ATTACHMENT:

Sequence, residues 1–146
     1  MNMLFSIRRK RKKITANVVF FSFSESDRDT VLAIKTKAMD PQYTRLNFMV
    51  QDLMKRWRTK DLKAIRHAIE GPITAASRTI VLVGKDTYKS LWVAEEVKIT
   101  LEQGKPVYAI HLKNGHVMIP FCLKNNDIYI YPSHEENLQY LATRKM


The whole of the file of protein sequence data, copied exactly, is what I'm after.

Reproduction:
Sequence, residues 1–146
     1  MNMLFSIRRK RKKITANVVF FSFSESDRDT VLAIKTKAMD PQYTRLNFMV
    51  QDLMKRWRTK DLKAIRHAIE GPITAASRTI VLVGKDTYKS LWVAEEVKIT
   101  LEQGKPVYAI HLKNGHVMIP FCLKNNDIYI YPSHEENLQY LATRKM